So not only is there no net improvement apparent here with the new graphics chipset, but we see a tiny loss in gaming performance. It’s possible that the performance shortfall in the Early 2015 model may be a result of the different operating system – 10.10 Yosemite now against last year’s better optimised 10.9 Mavericks. Or Apple may be applying new GPU power-saving schemes to reduce heat and battery drain.

Turning to other graphics benchmarks, Unigine Heaven returned effectively the same results between machines (19.3 fps for 2014; 19.9 fps for 2015, at 1280 x 800, Medium), while the OpenGL tests in Cinebench did show a small benefit for the new MacBook Air. In Cinebench 11.5, framerate moved up from 23.5 to 25.8 fps, while Cinebench 15 returned the only appreciable change in framerate, a notable jump from 18.8 fps to 26.3 fps.

13-inch MacBook Air (early 2015) review: Display/screen

The Airs still aren't Retina-class: like the mid-2014 13-inch MacBook Air, the early-2015 Air has a 13.3-inch (diagonal) LED-backlit glossy widescreen display with a resolution of 1440 x 900 pixels and a pixel density of roughly 128ppi (pixels per inch).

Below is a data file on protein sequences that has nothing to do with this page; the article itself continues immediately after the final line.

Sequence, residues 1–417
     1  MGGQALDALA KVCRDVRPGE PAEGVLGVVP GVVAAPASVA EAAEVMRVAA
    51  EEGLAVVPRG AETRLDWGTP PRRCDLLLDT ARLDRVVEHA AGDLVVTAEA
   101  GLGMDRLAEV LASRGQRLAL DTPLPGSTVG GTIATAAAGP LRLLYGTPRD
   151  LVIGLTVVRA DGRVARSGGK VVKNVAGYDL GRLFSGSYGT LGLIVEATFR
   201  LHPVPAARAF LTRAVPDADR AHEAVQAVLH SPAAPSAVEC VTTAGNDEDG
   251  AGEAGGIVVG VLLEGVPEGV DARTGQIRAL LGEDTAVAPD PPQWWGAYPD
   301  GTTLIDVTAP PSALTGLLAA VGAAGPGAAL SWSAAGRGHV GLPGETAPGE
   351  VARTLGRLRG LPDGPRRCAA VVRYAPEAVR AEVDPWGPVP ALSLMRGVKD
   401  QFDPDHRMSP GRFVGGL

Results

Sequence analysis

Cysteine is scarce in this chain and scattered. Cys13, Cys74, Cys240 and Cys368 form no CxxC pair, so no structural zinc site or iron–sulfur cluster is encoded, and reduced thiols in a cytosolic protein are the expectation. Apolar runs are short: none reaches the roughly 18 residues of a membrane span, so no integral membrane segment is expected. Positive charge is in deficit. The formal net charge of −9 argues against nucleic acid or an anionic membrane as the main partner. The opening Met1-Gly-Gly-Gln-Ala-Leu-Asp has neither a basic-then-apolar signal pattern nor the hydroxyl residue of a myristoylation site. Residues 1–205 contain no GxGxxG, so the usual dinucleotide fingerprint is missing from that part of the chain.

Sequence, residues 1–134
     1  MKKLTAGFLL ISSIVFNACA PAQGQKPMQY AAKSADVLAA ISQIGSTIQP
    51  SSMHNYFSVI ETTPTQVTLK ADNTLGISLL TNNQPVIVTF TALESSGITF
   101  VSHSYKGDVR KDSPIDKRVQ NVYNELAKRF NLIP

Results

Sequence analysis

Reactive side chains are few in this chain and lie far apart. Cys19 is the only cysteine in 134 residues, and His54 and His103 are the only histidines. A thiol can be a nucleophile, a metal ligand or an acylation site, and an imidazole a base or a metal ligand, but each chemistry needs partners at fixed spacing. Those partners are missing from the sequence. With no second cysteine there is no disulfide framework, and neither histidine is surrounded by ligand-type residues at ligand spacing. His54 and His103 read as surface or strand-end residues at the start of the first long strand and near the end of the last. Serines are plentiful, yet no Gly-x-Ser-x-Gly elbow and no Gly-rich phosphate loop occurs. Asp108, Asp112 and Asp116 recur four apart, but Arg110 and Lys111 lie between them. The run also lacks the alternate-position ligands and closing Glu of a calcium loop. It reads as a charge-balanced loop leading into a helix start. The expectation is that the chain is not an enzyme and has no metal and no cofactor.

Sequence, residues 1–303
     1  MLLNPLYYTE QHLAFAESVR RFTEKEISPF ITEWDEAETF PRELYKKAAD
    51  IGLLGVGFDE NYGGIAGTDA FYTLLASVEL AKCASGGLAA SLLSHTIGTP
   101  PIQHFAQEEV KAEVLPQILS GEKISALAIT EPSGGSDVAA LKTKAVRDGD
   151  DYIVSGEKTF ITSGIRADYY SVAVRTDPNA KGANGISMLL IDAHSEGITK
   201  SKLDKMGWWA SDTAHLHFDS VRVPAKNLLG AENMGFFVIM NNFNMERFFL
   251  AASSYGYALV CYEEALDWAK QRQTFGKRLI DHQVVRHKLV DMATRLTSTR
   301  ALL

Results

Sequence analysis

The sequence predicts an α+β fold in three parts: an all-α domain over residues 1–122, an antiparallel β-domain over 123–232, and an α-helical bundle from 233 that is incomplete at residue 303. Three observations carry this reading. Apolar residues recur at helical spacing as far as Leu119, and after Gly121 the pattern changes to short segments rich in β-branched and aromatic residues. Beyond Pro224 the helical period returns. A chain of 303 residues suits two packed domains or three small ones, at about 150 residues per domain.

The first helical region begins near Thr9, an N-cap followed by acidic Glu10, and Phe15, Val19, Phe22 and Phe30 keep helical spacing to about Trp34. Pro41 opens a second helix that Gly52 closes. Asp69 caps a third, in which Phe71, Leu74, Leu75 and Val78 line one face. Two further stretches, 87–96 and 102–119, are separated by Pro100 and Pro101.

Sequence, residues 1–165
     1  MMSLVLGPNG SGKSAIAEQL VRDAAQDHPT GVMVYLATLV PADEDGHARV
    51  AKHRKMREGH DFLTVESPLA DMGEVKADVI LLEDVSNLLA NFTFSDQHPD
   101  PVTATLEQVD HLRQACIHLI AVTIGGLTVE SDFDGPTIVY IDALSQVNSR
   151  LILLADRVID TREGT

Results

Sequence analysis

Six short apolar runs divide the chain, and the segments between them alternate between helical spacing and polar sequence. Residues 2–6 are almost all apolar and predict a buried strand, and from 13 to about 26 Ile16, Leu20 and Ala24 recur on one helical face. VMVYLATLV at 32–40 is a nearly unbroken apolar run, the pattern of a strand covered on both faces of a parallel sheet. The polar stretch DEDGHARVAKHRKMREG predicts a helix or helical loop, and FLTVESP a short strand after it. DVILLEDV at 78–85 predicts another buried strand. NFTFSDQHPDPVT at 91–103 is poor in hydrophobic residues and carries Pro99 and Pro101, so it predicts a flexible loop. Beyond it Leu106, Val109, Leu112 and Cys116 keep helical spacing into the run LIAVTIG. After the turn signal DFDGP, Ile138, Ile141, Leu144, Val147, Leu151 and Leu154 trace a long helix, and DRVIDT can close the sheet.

That's pretty low on the sharpness scale by today's standards (for comparison, the 13-inch Retina MacBook Pro has a pixel density of 227ppi), and those who are used to Retina or better displays may find the Air a touch fuzzy, although it certainly isn't a bad screen. We do think Apple will add a Retina display option to the Air line-up at some point in the near future, but we don't get that upgrade here.

New 13-inch MacBook Air (early 2015) review

Here's what you need to know about the 13in display on the 2015 MacBook Air:

The 13.3-inch LCD screen of the MacBook Air has the same core specification listed as the last few models – a 1440 x 900 pixel display with gloss surface, based on twisted-nematic (TN) technology.

This type of screen has poor off-axis viewability and restricted colour gamut, but is chosen for its low cost and reduced power requirement when compared to the higher-performance IPS technology used on iPhone, iPad and MacBook Pro with Retina display.

We didn’t have the Mid-2014 model of MacBook Air to compare alongside to spot any subjective visual differences, but from memory the new Air screen did not look conspicuously any better or worse.

We ran some basic tests to see if its lab measurements had changed, and discovered a reduced contrast ratio of 400:1, compared to the decent 680:1 contrast ratio that we measured for the Mid-2014 version of the 13-inch MacBook Air.

Colour gamut was also reported with a lower figure, now 41 percent sRGB and 31 percent AdobeRGB, where last year’s Air measured at 63 and 47 percent respectively. Colour accuracy was reported as better though, with an average Delta E figure of 5.88 that’s below the 8.39 Delta E of last year’s model.